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The Upsetter: Soda Bread
And its real place in Irish History
The emergence of soda bread as the pre-eminent and the best-loved bread ever made in Ireland did not evolve from a charismatic, enduring culinary tradition.
Traditional breads in Ireland, in fact, were oatcakes, barley bannocks and breads leavened with barm beer and soured potato juice.
Soda bread only came to Ireland in the early nineteenth century, when a chemical ingredient – soda ash, first invented by Native Americans – became industrially available. Bicarbonate of soda was first developed in 1783, in a French soda-ash factory and was later replicated economically by companies in the U.K. and U.S.
Baking Powder – in which the alkaline sodium bicarbonate is premixed with the acid, cream of tartare – came later again, and then breadmaking and cakemaking were transformed. (Some bakers don’t even use bicarbonate of soda in “soda bread.” We enjoyed an amazing loaf recently baked by Anne Zagar of 51 Cornmarket Restaurant, Cork, which just used baking powder to leaven the loaf. It was a wow, and so was the burnt onion butter that came alongside.)
The easy-to-make Soda bread thrived because it provided a good resource against widespread hunger in Ireland. It made use of local and by-product ingredients - soft, low-protein flour; buttermilk – and, helpfully, it didn’t need an oven. The bread could be made easily, cheaply and quickly in a rural domestic setting, with just an open fire and a heavy pot.
So far, so unromantic.
Ok. Let’s start this again. Soda Bread - The Myth:
Soda bread represents the heart and soul of the Emerald Isle. Learned at your grandmother’s apron, it was eaten with lusty dishes such as Irish Stew or a warming soup, then washed down by fireside cups of tea. Soda bread is particularly celebrated coming up to the feast day of St Patrick (not true) when the traditional sign of the cross is cut into the bread to let the fairies out (true, but also to assist even cooking).
In fact, soda bread has survived because it’s simple, local and delicious. Instead of the myth of soda bread, we like to think of it as a hybrid, globalised technique that made the best of local ingredients, and staved off hunger, a kind of immigrant food in its own way.
We’ve been musing on soda bread’s place in Irish culture ever since reading Maria Bradford’s newly published Sweet Salone - Recipes from the heart of Sierra Leone. Maria publishes a recipe for soda bread in the section on Afro-fusion Starters.
It seemed happily appropriate to find the recipe in this context: Maria uses African salted cashew nuts and the ancient grain fonio to embellish the otherwise normal brown soda bread, and it’s delicious.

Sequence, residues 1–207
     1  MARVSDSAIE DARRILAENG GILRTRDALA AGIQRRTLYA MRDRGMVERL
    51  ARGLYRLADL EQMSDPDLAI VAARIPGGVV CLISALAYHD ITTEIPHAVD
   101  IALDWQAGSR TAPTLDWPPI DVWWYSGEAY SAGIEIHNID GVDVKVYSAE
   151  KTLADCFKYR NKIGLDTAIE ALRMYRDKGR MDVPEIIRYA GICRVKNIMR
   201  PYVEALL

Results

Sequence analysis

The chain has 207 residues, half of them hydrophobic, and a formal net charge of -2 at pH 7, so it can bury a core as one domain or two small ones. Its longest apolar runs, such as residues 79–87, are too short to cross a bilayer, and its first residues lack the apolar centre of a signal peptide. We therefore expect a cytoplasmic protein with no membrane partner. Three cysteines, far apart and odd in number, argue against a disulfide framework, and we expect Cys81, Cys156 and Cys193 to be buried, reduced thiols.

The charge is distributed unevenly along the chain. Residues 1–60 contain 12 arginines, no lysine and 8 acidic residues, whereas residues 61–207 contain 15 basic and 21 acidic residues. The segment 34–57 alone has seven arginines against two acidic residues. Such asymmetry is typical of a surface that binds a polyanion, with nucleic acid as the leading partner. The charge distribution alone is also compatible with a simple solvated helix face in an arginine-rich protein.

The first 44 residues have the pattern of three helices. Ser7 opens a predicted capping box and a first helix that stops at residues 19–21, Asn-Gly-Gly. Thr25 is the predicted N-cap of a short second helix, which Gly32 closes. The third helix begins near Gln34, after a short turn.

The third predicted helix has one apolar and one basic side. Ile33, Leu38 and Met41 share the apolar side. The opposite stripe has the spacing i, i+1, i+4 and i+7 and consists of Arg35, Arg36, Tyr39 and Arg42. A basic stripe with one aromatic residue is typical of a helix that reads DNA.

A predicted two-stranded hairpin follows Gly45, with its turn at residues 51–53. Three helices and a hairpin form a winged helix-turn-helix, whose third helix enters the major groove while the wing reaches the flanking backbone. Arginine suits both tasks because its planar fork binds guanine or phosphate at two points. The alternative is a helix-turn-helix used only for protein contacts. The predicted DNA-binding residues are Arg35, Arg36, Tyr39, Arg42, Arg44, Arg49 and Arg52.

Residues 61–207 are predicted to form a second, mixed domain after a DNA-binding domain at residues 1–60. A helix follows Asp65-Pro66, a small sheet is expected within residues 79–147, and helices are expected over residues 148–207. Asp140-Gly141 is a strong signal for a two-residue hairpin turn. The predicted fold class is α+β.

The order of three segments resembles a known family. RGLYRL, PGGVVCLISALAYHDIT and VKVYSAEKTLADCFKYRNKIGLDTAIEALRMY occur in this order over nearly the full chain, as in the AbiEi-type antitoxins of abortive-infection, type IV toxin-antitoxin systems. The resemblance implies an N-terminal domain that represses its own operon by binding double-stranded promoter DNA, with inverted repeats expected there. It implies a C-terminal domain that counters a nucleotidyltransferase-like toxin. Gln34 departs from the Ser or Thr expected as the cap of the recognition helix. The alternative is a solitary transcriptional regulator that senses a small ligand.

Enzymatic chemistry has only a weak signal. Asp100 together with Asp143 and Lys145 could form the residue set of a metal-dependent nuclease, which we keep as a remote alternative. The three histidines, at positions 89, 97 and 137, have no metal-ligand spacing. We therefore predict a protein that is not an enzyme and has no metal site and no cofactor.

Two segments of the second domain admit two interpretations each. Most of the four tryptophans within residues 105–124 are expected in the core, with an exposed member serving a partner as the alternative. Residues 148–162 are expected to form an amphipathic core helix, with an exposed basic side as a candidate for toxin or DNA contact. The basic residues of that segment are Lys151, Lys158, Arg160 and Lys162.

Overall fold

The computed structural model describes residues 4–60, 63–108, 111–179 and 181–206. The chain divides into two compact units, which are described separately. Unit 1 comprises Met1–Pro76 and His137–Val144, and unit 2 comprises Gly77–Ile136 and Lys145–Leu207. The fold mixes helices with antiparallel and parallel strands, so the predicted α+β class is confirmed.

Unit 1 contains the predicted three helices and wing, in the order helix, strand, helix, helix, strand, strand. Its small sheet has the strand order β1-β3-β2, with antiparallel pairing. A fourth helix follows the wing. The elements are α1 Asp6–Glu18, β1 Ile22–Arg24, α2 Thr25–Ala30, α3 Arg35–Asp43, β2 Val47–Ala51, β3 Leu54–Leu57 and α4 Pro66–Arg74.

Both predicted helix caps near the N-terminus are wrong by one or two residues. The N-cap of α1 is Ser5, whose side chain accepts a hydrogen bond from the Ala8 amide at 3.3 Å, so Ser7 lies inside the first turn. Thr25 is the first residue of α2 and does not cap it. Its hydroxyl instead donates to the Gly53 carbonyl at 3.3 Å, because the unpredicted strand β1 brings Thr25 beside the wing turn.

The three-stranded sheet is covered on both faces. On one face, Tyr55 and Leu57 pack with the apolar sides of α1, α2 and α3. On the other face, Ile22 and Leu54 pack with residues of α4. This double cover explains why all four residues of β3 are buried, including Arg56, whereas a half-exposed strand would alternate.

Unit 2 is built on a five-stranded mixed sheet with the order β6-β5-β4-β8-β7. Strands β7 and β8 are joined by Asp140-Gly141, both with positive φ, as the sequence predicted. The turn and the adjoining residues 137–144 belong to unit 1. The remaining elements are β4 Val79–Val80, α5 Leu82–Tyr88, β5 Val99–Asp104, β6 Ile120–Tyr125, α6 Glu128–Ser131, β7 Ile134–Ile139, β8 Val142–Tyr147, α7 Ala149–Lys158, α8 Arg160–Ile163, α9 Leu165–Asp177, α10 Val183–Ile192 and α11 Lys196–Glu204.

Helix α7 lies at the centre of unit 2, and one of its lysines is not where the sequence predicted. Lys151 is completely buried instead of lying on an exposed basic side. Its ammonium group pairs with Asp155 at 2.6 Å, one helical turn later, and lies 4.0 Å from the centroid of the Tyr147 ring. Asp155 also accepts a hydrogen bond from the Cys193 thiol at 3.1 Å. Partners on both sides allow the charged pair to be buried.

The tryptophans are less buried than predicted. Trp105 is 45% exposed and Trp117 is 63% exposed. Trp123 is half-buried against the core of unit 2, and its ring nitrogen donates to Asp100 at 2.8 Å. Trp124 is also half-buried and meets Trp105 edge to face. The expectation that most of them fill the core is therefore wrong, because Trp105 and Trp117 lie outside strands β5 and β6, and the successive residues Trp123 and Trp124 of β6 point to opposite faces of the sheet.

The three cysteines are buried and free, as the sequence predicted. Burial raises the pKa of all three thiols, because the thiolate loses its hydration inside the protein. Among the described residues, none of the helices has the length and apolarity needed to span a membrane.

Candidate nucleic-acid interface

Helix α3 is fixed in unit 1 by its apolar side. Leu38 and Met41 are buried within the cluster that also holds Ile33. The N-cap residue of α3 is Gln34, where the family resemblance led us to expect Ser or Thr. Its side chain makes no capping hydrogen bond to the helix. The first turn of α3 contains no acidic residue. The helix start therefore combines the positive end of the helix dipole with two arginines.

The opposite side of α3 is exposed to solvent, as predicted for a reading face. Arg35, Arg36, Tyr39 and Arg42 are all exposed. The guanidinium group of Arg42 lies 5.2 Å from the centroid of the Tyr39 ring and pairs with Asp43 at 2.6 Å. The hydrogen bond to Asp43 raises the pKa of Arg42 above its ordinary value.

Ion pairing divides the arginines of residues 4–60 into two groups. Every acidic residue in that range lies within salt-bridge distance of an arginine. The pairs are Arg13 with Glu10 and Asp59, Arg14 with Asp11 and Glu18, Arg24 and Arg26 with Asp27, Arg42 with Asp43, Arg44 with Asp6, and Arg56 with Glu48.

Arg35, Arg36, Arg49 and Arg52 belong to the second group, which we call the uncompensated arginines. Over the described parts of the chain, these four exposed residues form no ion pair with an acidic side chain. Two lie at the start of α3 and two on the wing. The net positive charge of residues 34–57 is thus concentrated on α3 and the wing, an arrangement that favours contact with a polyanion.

Maria Bradford is one of a growing number of British chefs and food writers, writing cookbooks about their mixed heritage, in a culinary wave that has become known as Third Culture Cooking.
Third Culture Cooking is about foods that derive authenticity not from deep, enduring historical roots, but from circumstances experienced along the way. Hence soda bread having a place in Afro-fusion cooking.
In fact, this is consciously inauthentic cooking, responding to circumstances of need. Leading proponent Ravinder Bhogal describes her cooking in her book and her London restaurant, Jikoni, as “proudly inauthentic”.
Soda bread came out of nowhere in Irish cooking, but created a loaf that fed a people steeped in poverty, using an industrial ingredient mixed with produce that was good, local and easily available, and that was easy to produce.
Maria Bradford writes in the beginning of her beautiful, photographically rich, book that her grandmother traded in Kola nuts, a currency in parts of West Africa for centuries. Kola nuts are “culturally significant, and economically important” and they feature on the inside cover of her book.
The first time we made the bread we used fine bulgur in place of the hard-to-find fonio, and the cashew nuts were so good.
The second time we made it using Brazil Nuts from the revolutionary UK food company Hodmedods. These Brazil nuts – directly imported from the Kayapó farmers who grow them – are also culturally significant and economically important and supporting their culture helps directly with protection of the Amazon rainforest. We need to eat Brazil nuts as if our lives depend on it, because in some ways our lives do depend on it.
Sometimes food heritage comes from circumstances of need as much as culinary traditions, arriving a time when people have to act and change.
With inspiration from Maria Bradford, here is our version of an Afro-fusion, rainforest-protecting, Irish famine-beating, inauthentic Brazil Nut Soda Bread. It’s delicious.
Brazil Nut Soda Bread
olive oil for greasing tin
300g whole wheat coarse ground flour
60g fine bulgur (it has to be fine, not coarse)
100g Brazil Nuts, finely chopped in a food processor
1 teasp bicarbonate of soda
1 teasp baking powder
250ml warm water
Preheat the oven to 200ºC. Grease a 2lb loaf tin with the olive oil. Measure all the dry ingredients into a bowl, and the wet ingredients into a jug.
Pour the liquid mixture into a well in the centre of the bowl of dry ingredients and stir with a spatula until just mixed. The mixture is wet, but the bulgur will soak up a lot of it. Scrape into the greased pan and cook for approximately 1 hour and 10 minutes (checking during the last twenty minutes). The temperature of the bread will shoot over 90ºC when measured with a kitchen thermometer and this means it’s ready. Remove from the tin after a few minutes and allow to rest on a rack for about an hour until cool before cutting.
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